Gods and Monsters (1998) – Bill Condon

The bio-pic, Gods and Monsters, is the next film on the What Else to Watch list, for Bride of Frankenstein, from DK Canada’s The Movie Book. The film chronicles the last days, as well as life and career of director James Whale, played brilliantly by Ian McKellen.

The legendary film maker, perhaps best known for the iconic Frankenstein, The Invisible Man, and Bride of Frankenstein is brought to life (It’s alive!) by modern horror auteur, Clive Barker, who serves as executive producer.

The film took home an Oscar for Best Screenplay based on previously published material, and is wonderfully captivating. Following upon interviews with a college writer, Edmund Kay (Jack Plotnick), the story follows on a friendship that struck up between Whale and his lawn man, former marine, Clayton Boone (Brendan Fraser).

The ailing Whale, delightfully flamboyant, is seen over by his housekeeper, the put-upon Hanna (Lynn Redgrave) who worries over him, while gently chastising him for his behaviour.

McKellen is masterful, as always, and the film is a fantastic watch, and the story is brilliantly engaging, as it draws you in through it storytelling, balancing the views of both men. The two characters aren’t quite so different from one another, though a gulf exists between them. The more they get to know one another, they see similarities common to all men.

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Watching McKellen one has to wonder if there is any role he couldn’t take on, the man is a consummate performer and just a stunning actor.  As a character, Whale comes across as charming, funny, but this all surface material, slipping back and forth underneath it all is a sense of pain and loss, balanced as only McKellen can do.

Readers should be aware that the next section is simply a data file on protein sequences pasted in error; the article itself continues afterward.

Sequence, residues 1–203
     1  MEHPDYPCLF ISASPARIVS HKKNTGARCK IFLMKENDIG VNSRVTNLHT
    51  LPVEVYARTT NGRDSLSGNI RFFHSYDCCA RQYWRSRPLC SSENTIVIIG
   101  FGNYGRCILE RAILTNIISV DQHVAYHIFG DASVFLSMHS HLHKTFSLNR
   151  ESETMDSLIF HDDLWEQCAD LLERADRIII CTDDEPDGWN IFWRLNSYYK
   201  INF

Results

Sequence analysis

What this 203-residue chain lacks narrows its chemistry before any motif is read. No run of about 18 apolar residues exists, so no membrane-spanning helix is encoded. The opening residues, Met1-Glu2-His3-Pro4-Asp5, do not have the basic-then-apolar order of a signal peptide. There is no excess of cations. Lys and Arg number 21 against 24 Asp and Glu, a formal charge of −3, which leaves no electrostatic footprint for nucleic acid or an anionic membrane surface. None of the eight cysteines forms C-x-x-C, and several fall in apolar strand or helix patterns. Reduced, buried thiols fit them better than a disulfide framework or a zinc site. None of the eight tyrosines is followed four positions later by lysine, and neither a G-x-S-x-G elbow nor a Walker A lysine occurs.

Fraser’s performance on the other hand is gently restrained, and speaks to his ability as an actor as he has to stand toe to to toe with McKellen – a daunting task if ever there was one.

It’s a gentle, beautiful film that examines love, life, and the things that remain with us. I love the fact that it doesn’t race its storytelling, and knows to take those small quiet moments to let the film breathe, be, to exist and invite us in.

I remember when this one first came out, and my cinematic knowledge was not what it is today, despite working in a video store. It was one of our Hidden Gems, but at the time there was nothing in it that really appealed to me. And I think, had I watched it then, I probably would not have enjoyed it as much as I do now.

So, thanks to DK Books’ The Movie Book, I was able to give this gem the attention it needed. Is there a film you need to re-examine, or take in for the first time? The Movie Book is a perfect place to find it, check it out today.

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